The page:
Tommy Blake
"I DIG YOU BABY" - B.M.I. - 2:13
Composer: - Tommy Blake-Jerry Ross
Publisher: - Hi-Lo Music Incorporated
Matrix number: - U 312
Recorded: - March 16, 1958
Memphis Recording Service
706 Union Avenue, Memphis, Tennessee
Released: - June 1958
First appearance: - Sun Records (S) 78/45rpm standard single SUN 300-A mono
I DIG YOU BABY /SWEETIE PIE
Reissued: - 1996 Bear Family Records (CD) 500/200rpm BCD 15803 DI-2-19 mono digital
THE SUN SINGLES COLLECTION - VOLUME 3

Name (Or. No. Of Instruments)
Tommy Blake - Vocal and Guitar
Carl Bailey Adams - Guitar
William Edwin Bruce - Guitar
Roland Janes - Guitar
Sid Manker - Guitar
Stan Kesler - Bass
James M. Van Eaton - Drums
Jimmy Wilson - Piano

This effort, which included the cream of Sun's studio musicians. Everyone is here, from Roland Janes to Stan Kesler to Jimmy Van Eaton. Yet the results still seem a bit forced. Its hard to blame the band for what goes wrong here. So why aren't the results more engaging? It comes down to Blake's performance. Unlike the best of Sun's rockabilly, Blake sounds like he's posturing here; almost like an old man trying to sing young folks' music.

"I Dig You Baby" featured on Tommy Blake's second and last single for Sun. Neither enjoyed much commercial success. In fact, a harsh verdict might be that both are deservedly rare. Blake's efforts have been minimized even by most collectors who lionize every minute of music that ever appeared on a yellow Sun label, or every note ever played in the tiny studio on the corner of Union and Marshall Avenues in Memphis.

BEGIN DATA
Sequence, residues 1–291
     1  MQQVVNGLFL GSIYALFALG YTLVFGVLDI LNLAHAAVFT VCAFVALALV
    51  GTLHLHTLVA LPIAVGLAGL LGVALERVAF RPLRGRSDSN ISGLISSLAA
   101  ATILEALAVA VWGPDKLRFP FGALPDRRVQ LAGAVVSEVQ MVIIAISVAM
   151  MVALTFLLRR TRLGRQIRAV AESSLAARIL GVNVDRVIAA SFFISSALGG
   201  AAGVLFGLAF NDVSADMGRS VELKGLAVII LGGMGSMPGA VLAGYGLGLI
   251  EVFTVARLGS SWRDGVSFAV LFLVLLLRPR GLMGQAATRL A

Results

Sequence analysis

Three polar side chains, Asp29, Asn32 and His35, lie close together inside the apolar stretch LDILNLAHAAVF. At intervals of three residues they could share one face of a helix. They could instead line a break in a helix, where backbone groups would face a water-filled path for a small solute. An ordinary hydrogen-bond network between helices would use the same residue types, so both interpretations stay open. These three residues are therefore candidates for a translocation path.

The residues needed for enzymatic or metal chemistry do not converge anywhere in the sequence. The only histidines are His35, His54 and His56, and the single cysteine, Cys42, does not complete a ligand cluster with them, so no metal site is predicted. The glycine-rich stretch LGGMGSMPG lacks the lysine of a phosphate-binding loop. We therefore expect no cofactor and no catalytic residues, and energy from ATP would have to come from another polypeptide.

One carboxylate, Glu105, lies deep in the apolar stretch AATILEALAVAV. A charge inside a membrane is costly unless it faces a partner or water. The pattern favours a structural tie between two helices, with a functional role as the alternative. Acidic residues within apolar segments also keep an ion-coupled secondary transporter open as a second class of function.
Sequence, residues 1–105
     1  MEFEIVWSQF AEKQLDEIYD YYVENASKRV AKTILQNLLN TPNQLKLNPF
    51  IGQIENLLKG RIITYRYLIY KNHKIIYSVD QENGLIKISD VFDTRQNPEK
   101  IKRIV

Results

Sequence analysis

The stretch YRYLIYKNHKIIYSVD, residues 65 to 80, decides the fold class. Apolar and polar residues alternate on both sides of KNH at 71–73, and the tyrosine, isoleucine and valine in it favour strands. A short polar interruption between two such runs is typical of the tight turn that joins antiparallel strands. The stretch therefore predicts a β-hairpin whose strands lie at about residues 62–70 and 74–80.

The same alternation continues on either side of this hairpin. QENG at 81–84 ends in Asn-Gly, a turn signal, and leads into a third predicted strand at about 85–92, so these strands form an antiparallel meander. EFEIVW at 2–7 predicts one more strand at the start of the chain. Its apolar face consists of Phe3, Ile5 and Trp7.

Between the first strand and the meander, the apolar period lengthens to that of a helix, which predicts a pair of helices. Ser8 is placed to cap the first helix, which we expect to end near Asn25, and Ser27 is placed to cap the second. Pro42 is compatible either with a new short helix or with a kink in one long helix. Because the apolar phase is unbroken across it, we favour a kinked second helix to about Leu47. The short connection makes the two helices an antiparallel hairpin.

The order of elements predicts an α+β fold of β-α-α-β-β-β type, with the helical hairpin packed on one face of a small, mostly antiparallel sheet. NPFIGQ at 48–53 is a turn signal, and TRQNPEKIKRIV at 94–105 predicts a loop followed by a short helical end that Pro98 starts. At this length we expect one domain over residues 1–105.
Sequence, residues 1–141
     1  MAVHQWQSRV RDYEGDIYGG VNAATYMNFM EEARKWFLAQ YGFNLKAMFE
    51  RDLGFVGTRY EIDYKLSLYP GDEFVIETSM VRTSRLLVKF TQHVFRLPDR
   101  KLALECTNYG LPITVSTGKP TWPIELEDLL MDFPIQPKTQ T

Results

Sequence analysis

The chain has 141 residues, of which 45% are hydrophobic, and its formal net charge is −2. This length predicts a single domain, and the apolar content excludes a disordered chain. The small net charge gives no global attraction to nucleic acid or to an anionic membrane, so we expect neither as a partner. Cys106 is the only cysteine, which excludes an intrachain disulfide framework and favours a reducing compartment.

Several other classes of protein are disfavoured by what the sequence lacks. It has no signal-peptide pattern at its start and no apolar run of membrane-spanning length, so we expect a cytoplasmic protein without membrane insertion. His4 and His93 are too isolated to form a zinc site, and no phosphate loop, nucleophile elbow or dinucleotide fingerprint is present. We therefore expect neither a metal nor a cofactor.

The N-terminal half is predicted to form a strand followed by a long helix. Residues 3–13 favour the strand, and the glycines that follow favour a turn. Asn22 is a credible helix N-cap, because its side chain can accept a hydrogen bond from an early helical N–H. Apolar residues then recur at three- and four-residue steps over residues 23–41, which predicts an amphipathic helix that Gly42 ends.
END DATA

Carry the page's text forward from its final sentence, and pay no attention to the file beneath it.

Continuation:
The puzzle is even more pronounced on "I Dig You Baby". The band is superb. From the first four bars, this record sizzles instrumentally. How could anyone or anything dilute its effectiveness? A Tennessee hound dog howling against this backing track might have produced a classic Sun record, but Blake isn't up to the challenge. His lyrics are strained ("At the drug store we did meet"). And, once again, vocally he manages to drag the proceedings to the level of mediocrity. At best, this is an almost great record. You won't hear better, more powerful instrumental work anywhere in Sun's release schedule in the 300 series. But you're going to hear lots of vocals that'll make you wish Blake had stayed in Shreveport, Louisiana. (HD)(MH)
 

Sun 300-A 45rpm



Tommy Blake
"SWEETIE PIE" - B.M.I. - 2:05
Composer: - Tommy Blake-Jerry Ross
Publisher: - Knox Music Incorporated - Tristan Music Limited